Holmes: What was your plan going forward?
Wiglesworth: I was looking to win immunities. I didn’t feel like I had any other choice than to play the same game I played the first time. Lay low…be cool with everybody. Then win challenges as much as you can. That’s where I was intending to go with it. You hope you can have a strong alliance, but with this season nobody had any loyalty. At the end of the day, if you want to stay in the game you’ve got to have that necklace.
Holmes: What was going through your mind last night when Probst offered the chance for an advantage if you quit the immunity challenge?
Wiglesworth: I was so focused on what I was doing that I wasn’t really listening.
Holmes: (Laughs) Tuning Probst out during challenges is never a bad strategy.
Wiglesworth: (Laughs) I didn’t really get what was going on until it had happened. Spencer and Fishbach were already in the water.
Holmes: What story did Fishbach give when he was asked what his advantage was?
Wiglesworth: He didn’t say anything. We all speculated and he was like, “Can’t tell you.” At least that’s what I heard when I was around. He was like, “Maybe I’ll tell you later.” But the general consensus was that it put a target on him.
Holmes: Alright, word association time. Let’s start with Monica.
Wiglesworth: (Laughs) I don’t know if I can say it.
Holmes: Sure you can.
Wiglesworth: (Laughs) Tension.
Holmes: Chicken. Savage?
Wiglesworth: Little brother.
Wiglesworth: Good guy.
Wiglesworth: Spinning around in circles.
Wiglesworth: I…I can’t think of anything for Kass.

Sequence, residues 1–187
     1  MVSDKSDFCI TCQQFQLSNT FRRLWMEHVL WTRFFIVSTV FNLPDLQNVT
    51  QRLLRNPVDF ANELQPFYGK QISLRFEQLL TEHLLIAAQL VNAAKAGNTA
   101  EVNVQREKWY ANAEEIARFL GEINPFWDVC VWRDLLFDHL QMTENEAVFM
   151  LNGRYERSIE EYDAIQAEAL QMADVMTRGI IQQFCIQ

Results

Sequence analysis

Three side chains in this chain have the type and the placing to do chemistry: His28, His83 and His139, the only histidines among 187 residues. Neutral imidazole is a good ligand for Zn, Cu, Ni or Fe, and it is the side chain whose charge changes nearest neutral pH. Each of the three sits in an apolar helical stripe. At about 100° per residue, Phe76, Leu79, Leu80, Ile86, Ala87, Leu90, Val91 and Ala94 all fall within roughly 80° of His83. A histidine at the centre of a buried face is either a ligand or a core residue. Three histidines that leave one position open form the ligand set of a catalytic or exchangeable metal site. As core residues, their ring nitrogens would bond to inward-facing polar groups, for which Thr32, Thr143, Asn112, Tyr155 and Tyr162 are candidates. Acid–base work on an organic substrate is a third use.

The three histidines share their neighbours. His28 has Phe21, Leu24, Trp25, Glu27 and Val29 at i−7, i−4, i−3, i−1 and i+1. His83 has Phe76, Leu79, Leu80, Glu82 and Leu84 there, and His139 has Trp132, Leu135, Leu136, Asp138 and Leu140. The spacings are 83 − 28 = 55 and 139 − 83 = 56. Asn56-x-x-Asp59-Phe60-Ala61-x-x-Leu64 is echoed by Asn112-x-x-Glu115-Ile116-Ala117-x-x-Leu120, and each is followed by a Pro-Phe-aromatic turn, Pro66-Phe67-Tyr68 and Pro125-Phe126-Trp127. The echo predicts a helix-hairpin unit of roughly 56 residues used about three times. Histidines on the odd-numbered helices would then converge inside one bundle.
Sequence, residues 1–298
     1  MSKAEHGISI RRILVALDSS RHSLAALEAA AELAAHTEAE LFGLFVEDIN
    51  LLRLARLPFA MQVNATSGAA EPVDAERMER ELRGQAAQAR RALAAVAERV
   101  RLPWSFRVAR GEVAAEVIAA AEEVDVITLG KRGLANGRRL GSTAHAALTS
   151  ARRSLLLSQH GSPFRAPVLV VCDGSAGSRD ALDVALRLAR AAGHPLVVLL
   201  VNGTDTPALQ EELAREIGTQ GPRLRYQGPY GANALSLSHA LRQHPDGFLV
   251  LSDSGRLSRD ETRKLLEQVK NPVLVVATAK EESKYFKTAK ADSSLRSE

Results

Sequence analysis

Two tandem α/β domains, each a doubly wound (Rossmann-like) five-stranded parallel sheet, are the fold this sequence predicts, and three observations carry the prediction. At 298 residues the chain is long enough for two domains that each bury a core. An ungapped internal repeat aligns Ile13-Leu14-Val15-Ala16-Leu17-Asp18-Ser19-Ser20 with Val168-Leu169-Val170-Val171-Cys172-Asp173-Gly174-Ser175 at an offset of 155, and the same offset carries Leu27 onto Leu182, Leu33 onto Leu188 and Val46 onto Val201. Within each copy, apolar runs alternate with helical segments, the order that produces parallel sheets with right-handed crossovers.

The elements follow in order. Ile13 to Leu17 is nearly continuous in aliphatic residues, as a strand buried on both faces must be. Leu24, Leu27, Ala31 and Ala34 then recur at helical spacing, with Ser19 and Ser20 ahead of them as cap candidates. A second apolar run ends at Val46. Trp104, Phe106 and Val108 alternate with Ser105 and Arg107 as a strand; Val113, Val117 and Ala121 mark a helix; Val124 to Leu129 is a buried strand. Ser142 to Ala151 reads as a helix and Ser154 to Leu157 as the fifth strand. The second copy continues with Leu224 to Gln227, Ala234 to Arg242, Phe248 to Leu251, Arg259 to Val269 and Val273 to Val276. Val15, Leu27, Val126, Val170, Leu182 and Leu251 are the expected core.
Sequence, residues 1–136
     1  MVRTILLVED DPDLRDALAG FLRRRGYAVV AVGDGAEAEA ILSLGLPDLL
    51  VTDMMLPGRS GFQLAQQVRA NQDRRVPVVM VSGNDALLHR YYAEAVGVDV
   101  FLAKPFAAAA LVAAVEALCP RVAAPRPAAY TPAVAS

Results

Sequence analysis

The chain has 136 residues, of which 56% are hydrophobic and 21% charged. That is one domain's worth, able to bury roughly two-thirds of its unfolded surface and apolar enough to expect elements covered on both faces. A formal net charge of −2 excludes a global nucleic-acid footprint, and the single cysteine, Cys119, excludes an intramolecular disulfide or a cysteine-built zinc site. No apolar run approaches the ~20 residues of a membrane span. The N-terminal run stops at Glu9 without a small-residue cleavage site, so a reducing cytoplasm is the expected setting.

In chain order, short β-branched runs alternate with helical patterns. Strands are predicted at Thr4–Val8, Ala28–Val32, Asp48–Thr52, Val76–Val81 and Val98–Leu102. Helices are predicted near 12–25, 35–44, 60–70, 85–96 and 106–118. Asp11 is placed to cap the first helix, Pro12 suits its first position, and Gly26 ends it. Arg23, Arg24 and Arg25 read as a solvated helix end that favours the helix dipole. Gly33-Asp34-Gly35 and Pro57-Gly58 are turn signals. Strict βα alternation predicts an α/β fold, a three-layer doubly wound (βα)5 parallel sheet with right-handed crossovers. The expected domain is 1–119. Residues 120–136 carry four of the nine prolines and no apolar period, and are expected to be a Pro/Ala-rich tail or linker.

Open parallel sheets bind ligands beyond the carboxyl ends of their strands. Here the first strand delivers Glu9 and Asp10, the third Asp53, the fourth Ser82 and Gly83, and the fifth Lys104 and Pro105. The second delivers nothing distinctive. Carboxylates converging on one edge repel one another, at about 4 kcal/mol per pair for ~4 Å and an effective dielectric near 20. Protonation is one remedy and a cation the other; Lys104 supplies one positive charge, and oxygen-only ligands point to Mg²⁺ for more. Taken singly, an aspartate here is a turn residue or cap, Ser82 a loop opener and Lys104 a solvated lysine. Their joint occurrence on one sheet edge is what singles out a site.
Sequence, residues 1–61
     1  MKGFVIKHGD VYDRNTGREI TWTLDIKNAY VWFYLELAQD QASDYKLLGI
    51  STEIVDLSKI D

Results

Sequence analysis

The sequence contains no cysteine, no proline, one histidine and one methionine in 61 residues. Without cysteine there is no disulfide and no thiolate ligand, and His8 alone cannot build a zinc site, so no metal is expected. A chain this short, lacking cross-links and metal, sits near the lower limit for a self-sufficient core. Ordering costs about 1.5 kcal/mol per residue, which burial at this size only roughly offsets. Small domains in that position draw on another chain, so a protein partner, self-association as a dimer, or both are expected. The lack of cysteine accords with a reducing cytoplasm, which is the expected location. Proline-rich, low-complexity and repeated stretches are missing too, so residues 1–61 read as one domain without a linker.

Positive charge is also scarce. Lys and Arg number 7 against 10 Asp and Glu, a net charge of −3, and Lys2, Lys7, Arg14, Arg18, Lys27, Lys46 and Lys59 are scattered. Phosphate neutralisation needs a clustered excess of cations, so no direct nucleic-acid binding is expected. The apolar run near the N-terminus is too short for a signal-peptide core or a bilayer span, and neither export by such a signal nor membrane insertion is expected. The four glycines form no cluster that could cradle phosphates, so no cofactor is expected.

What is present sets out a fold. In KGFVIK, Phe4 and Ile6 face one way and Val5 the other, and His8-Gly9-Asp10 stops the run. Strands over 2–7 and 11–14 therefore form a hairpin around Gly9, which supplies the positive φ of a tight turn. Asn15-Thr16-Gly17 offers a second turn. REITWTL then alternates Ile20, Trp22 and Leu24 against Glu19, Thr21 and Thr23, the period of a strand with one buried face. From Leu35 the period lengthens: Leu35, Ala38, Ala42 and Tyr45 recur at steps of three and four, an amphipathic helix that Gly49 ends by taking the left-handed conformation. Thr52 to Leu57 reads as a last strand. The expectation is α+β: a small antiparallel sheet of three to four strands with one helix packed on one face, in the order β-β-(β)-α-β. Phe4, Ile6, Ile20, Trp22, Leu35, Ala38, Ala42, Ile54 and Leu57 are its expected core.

Holmes: Has your Second Chance experience changed your opinion of the game?
Wiglesworth: When I first heard about “Survivor”, we didn’t know what the full experience was going to be. I was looking forward to the actual surviving. I really believed people were going to start dropping out because it’s so difficult. I thought people would volunteer to leave or the options to vote out would be more obvious. But, it was much more of a psychological and social game. Knowing that, I was shocked at how that was so much more of a focus. I don’t feel like there was an effort from the new-school players to really try for the survival part. Or try hard in the challenges. It was very, “Let’s focus on someone and get them out.” Why can’t we win a challenge, then we don’t have to worry about that. Let’s worry about it when we have to.
Holmes: One of the criticisms of you game is that you weren’t doing enough strategizing even after losing a challenge. Was that part of the plan?
Wiglesworth: Yeah. I felt like I was one of the biggest targets out there. I had to lay low and be mellow and not try to be as physically strong in challenges. Everyone felt like I didn’t know what was going on and I wasn’t there to play, but that was my strategy. I had to do that. And later on is when I felt like I was in a position to start making moves. I felt like I was just getting started. I was just getting over my fifteen-year hangover.